By Jennifer Nelson, MOSES Organic Specialist
Our last farm delivery of flowers and food was a couple of weeks ago, and the first patchy frost conveniently came on the next night. As the farm season draws to a close, I reflect on the wonderful conversations I’ve had with farmers through my work with Children’s Farm Safety at MOSES field days and beginning farmer programs.
I’ve chatted with farmer mamas and papas. I’ve also been very impressed with many conversations with farmers-to-be who don’t have children yet, but are planning ahead. They show wonderful forethought into the reality of raising children on the farm.
A shared sentiment has come up again and again; we love to farm, and we value the great benefits growing up on a farm affords our children. We love the:
- Wide open spaces to play in
- Inspired passion, love and respect for land
- Strong bond with family and land
- Understanding of the life/death cycle
- Authentic responsibility to work and work ethic
- Good health
- Good relationships with animals
With the wonderful benefits, we also recognize the challenges and risks that accompany farming with family. The biggest challenge we all seem to encounter is balancing parenting with the work that needs to get done. We’re always parenting, even when we’re farming. How do we do both effectively and safely?
Many families choose on or off-farm childcare. The farm situation, and value versus cost for child care differ for all families. In my experience it takes some time and trying different things to determine what is best.
Some families have used a sitter share, where the farmer trades a share of produce or meat in exchange for child care. Some families choose to drive the child for paid off-farm care. Some families choose to hire a caregiver for their children on the farm. Some farm families have a community of farms in their area to share childcare with, each family taking one morning a week.
While there is no perfect scenario, here’s what has worked for our family.
We’ve had both on and off-farm childcare for our son, and also shared child care with another mama. All the situations had plus sides, and some challenges, and were right for us at different times in my son’s development and age.
When he was younger, it worked really well to hire an on-farm caregiver so I could be near him if he needed something. The key to the success of this situation was having good boundaries of what areas on the farm were play areas, and what were work areas. It was really necessary for us to be in agreement with the caregiver on where they could safely play, and not distract us from our work, and what would be an unsafe situation.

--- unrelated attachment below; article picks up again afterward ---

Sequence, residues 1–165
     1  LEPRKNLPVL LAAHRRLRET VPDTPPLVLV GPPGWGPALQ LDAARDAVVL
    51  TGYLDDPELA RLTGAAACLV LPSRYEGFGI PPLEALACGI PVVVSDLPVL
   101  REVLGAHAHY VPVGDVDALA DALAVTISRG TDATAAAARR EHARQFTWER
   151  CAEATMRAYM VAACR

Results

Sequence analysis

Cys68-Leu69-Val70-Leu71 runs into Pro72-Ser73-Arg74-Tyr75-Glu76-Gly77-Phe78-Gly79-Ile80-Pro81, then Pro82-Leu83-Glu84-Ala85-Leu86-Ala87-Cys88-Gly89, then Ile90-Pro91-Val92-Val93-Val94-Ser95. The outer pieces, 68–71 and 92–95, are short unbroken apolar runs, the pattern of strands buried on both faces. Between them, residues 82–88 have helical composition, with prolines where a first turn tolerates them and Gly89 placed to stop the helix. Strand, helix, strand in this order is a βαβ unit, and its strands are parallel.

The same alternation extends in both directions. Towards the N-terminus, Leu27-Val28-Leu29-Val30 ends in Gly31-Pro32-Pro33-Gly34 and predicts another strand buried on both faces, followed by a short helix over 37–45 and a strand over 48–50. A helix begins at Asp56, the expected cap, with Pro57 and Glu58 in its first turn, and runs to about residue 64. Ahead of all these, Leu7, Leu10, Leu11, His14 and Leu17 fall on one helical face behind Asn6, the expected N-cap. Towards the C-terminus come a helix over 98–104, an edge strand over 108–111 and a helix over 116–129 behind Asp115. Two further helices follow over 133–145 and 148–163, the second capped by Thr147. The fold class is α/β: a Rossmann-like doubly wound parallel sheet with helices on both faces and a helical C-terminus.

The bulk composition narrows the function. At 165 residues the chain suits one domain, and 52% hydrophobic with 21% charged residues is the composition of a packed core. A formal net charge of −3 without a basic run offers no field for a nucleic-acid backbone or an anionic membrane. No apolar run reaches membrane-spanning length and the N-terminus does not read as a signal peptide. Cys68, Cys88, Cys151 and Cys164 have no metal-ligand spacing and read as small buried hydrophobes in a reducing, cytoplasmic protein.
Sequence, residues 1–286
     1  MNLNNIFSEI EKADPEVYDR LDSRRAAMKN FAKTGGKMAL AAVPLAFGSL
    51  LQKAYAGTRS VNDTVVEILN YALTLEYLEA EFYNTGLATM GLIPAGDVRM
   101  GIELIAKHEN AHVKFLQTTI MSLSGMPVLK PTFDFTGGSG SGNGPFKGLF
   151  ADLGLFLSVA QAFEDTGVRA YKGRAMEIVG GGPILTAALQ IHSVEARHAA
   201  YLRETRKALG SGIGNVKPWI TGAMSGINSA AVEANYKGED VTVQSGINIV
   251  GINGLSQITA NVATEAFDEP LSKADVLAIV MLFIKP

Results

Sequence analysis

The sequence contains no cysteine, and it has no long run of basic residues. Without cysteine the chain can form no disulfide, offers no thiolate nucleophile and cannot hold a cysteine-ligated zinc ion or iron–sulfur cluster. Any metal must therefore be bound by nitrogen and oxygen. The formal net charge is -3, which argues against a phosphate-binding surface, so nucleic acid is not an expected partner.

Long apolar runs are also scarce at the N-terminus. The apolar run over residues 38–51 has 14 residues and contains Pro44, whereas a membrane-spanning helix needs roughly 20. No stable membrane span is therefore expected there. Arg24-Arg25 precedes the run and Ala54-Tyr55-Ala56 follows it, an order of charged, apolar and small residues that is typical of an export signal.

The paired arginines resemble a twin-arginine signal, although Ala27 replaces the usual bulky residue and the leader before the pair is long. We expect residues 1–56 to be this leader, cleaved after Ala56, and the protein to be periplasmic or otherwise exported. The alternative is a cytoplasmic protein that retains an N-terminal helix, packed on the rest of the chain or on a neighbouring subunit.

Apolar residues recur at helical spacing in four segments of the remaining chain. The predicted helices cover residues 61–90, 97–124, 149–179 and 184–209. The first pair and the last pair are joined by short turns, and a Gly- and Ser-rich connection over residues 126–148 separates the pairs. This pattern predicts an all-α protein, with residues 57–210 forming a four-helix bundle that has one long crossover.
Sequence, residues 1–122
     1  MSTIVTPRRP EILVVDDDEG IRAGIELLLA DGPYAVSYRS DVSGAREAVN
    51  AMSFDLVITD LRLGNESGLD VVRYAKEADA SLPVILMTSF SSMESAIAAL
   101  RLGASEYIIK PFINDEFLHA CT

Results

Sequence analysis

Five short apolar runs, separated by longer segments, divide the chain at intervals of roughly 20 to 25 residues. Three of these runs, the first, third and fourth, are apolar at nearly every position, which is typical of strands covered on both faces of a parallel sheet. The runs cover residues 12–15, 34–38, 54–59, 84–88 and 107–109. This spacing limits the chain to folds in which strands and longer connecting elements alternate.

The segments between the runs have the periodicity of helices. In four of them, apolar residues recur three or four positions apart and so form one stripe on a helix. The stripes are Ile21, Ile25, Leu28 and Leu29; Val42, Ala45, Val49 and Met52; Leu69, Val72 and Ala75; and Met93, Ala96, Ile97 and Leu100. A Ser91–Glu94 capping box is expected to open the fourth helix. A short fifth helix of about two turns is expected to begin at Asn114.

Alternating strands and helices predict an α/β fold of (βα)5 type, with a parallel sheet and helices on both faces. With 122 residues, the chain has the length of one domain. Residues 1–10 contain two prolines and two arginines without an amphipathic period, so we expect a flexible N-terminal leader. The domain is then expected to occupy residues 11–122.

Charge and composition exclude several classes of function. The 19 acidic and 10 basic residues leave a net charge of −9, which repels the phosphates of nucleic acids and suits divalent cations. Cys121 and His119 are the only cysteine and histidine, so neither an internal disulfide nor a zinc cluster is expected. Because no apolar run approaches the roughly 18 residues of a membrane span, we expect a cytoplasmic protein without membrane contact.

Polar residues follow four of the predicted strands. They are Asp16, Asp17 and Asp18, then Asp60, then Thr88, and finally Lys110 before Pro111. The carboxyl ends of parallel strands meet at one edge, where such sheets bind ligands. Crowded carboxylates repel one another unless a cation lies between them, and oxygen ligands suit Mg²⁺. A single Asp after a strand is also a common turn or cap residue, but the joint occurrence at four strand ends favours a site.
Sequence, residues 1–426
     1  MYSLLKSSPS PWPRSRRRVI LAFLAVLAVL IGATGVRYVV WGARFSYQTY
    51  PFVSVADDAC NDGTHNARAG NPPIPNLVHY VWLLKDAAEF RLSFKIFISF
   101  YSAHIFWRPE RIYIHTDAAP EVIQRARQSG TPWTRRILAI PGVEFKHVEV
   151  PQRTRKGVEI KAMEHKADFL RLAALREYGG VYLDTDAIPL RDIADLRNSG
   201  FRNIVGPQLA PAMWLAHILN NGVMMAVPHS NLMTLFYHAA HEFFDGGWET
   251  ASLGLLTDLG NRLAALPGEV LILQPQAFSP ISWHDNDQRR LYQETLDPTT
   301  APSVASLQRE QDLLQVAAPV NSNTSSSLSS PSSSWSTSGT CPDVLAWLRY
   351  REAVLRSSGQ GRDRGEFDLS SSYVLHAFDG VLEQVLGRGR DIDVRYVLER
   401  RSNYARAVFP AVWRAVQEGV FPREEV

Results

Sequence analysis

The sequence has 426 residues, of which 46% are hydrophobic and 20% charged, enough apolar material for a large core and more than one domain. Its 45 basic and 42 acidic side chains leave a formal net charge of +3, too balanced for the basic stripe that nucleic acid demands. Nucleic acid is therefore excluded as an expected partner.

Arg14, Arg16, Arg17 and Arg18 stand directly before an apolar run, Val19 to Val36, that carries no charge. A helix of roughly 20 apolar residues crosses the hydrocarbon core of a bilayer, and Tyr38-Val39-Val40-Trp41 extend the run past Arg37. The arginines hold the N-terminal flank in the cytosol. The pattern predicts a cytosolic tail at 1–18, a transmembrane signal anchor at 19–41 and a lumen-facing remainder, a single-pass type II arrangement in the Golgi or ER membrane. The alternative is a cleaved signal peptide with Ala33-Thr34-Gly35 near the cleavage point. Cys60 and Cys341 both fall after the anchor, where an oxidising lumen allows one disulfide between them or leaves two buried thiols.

We loved that our son could be present with us on the farm safely, with his caregiver always present too. It took a little for all of us to get used to, especially that I (his mama) was there, but not taking care of him. We adjusted in a couple of weeks, and he flourished with his new caregiver. This situation was also a great opportunity to give his caregiver a farm experience, we always tried to send her home with some good veggies or flowers for the week.
Last farm season, as he was nearing four years in age, he began going for care three mornings a week to a caregiver with two other children his age. Especially when we first started, the challenge of the social interaction and new location and relationships have resulted in some really important growth for him, emotionally and mentally.
After a month or two of difficult separations, he began to thrive in this situation, too. He now has a quality, trusting relationship not only with his new caregiver, but also with his new little friends. While it has been more expensive to pay for off-farm care, the value for our child’s growth has been much more than just the assurance he was safely cared for.
Another constant presence (spoken and unspoken) that has informed our parenting decisions, and has proven integral to the choice for our child care is the risk of potential injury or even death on our farm.
Farming is one of the most dangerous occupations, and is especially dangerous for children because it’s the only workplace where children are regularly present. While we recognize that statistically proven fact, in the busyness of the day-to-day reality of getting the work done, we can lose sight of safety first.
Right now it’s working best for our family to have our son in off-farm child care. As he progresses in age and developmental ability, he’ll be more present in our day-to-day work life. Clear boundaries, accountability and teaching, teaching, teaching will be our key tools to guide that process. Stay tuned for a quickly upcoming post on teaching age-appropriate farm activities, guided by my work on the Next Generation Ag Work Guidelines North American Steering Committee, and good old Elementary Education college degree.